Of course, he looked at Myers-Briggs. Of course, he looked at TMI and DISC, Personality Plus, teacher MAPping, Hermann’s. He even looked at the Simpsons.

So, strap yourself in, what I want to do is give you enough information in this session, to get a sense of what your natural communication style is. Okay. In fact, famous Irish playwright George Bernard Shaw, it was him that said, “The single biggest problem with communication is the illusion that it has taken place.”

Having been a lawyer, a family lawyer, I can certainly say that I’ve seen the very real effects of miscommunication. So, I’m going to talk to you about the simple New Zealand tool, called DOTS.

Now, just before I start, for some of you, you need a more technical term or something that sounds a bit more scientific because DOTS sounds a bit babyish. You are quite red in your thinking. So, what I’m talking about this afternoon is precognitive communication. It’s the study of the way that we process our thoughts. Some of you process thoughts by talking. A lot. There’s a few of you here.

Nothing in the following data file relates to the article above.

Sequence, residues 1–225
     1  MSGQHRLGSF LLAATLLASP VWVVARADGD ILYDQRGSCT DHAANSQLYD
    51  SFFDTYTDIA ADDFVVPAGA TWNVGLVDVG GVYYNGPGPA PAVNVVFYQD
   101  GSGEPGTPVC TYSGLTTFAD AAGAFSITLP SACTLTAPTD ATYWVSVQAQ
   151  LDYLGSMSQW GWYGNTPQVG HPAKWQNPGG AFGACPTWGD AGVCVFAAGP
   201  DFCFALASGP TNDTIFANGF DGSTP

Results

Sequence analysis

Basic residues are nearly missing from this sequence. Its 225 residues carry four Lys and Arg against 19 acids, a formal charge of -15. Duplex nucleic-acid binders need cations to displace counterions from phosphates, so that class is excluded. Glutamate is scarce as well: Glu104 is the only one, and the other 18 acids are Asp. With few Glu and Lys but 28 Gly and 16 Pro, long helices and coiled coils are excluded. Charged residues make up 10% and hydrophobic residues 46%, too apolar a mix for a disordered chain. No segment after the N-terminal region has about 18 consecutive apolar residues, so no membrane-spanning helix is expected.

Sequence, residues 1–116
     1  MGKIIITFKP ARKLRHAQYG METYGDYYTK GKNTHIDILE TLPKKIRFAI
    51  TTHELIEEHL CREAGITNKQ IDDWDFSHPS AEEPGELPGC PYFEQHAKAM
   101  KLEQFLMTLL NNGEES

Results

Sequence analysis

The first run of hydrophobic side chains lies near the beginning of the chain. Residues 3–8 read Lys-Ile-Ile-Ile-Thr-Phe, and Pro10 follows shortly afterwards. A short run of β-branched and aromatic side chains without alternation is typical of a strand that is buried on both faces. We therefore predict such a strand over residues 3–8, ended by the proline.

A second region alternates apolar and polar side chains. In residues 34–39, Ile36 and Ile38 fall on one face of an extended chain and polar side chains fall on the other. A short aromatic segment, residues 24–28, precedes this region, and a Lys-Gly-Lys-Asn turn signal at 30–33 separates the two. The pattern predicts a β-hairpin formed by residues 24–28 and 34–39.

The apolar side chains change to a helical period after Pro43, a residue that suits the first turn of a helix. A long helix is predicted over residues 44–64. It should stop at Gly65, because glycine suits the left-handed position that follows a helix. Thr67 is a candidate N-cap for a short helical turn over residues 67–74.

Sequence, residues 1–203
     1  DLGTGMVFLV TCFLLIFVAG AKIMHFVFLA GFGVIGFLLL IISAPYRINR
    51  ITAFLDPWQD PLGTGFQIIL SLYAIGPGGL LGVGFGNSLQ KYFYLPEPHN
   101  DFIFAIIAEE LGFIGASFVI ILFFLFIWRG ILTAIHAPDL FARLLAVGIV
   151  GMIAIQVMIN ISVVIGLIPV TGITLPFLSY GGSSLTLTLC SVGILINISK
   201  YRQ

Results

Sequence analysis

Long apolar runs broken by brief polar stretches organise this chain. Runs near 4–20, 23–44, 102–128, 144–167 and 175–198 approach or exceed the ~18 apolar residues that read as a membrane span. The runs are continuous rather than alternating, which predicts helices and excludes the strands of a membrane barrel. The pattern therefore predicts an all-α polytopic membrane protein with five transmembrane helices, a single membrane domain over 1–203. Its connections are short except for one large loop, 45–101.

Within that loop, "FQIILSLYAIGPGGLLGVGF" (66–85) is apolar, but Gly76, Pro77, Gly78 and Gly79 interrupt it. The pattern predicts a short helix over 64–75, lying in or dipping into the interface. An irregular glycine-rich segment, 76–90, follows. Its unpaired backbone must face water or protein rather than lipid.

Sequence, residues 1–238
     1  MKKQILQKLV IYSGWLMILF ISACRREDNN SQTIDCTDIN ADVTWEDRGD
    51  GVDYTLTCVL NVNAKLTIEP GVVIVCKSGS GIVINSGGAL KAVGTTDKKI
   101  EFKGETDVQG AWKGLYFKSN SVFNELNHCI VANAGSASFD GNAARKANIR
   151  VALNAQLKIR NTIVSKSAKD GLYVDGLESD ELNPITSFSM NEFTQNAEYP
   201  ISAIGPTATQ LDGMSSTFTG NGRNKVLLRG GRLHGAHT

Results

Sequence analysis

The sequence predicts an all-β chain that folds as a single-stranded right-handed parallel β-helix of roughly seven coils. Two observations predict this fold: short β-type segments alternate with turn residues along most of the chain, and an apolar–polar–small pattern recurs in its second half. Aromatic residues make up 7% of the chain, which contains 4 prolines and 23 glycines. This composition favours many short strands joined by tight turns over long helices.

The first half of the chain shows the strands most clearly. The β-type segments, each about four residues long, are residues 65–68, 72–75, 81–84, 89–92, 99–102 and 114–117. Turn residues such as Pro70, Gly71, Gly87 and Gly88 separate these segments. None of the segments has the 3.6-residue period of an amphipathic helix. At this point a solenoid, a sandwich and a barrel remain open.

Some of you process by thinking things through thoroughly. Some of you process by turning the things that you’re hearing, the words, into pictures inside your mind. And some of you process by simply getting a feel for what’s occurring. It’s hard to put that into words. It’s more of an intuitive process.

I’m going to start with the beautiful purple dots. People who are strong and purple talk a lot. Thoughts and ideas are constantly popping into their mind. There is no stopping and thinking. It pops into their mind and straight out their mouth. These people are interested in the “what” in any communication. What do you want? Don’t tell me why – not interested – what do you want from me? Don’t tell me, as a purple dot, how to do it. If you tell me how to do it, I will deliberately not do it that way.

And can I assure you that not every teenager is purple? Okay, so, they have ideas; they are great at starting projects. These people are high energy. You’ll know if you are sharing an office with a purple dot. Because you’ll hear them, and they’ll probably be in the office by themselves.